by Ronald J. Allen
Wm. B. Eerdmans Publishing, Co. Grand Rapids, Mich. 216 pages
Ronald J. Allen’s “Reading the New Testament for the First Time” is an ambitious and useful book. It provides context and method for first-time readers of the New Testament, so that they can develop the confidence to be more systematic and efficacious in their reading, and solidify a developing faith.
The book starts rather slowly, and the tone in the beginning is uneven and distracting. Although much of the information is useful, the book assumes a reader with such a low level of general cultural understanding that it can be off-putting. “Papyrus” is spelled out phonetically, for example, as if the reader were seeing it for the first time.
The tonal problems subside, fortunately, and Allen hits stride in subsequent chapters, providing excellent historical background for the texts and their stories — the true strength and value of the book. After a quick survey of the contents of the New Testament in Chapter 3, Allen presents us with “The Story of Jesus” in Chapter 4 and moves on with a thorough discussion of the early church both before and after Paul. Allen’s discussion of the importance of Paul’s letters in Chapter 7 gives essential insight into how the early church was formed and maintained. His discussion of the four Gospels is revealing, as is the table he includes comparing the stories as they relate to the main events of Jesus’ life and teachings.
The most challenging and interesting moments of the book occur at the end, and in many ways, I would have preferred to read them at the beginning. These were the chapters that directly addressed the title. Chapter 11, which discusses some of the “big ideas” of the New Testament, was thought-provoking, as was Chapter 13 on “Using the New Testament in the Church Today” where Allen discusses “two ways of using the New Testament in the church today: multiple and single voice.”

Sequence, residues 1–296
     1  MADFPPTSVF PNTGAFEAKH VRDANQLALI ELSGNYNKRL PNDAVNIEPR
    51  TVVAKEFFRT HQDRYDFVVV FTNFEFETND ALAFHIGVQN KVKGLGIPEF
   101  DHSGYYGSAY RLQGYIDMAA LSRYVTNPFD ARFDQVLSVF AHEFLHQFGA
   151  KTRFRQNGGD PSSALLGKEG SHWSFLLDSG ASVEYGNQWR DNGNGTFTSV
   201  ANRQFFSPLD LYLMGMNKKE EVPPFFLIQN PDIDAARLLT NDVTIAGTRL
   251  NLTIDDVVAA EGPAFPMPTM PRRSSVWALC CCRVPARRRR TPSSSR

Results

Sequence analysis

Here, he outlines two competing reading strategies based on the presumed vocality of the texts: the multiple-voices-in-conversation strategy, “a perspective that understands the New Testament to consist of multiple voices” and the single-voice-in-conversation strategy, where the reader presumes a “single voice [is] speaking authoritatively.” These are not only helpful to the reader in the immediate practical sense, but they also map onto the larger hermeneutical schism that often surrounds religious, and even some foundational political, texts, more generally. How literally should a text be taken and read, and what roles do context and authorial intention play in interpreting a given reading? The multiple voices and single-voice strategies attempt to provide guidance in answering these important questions and are contrasted further on subsequent pages in the chapter.
The three appendices are no sundry afterthought. Appendix A discusses choosing an appropriate translation and Appendix B suggests resources for further study. Appendix C gives us “three plans for reading through the entire New Testament.” This is what every first-time reader needs.
WARD TIETZ is a word sculptor, a lecturer at Georgetown University and a deacon at Saint Mark Presbyterian Church in North Bethesda, Md.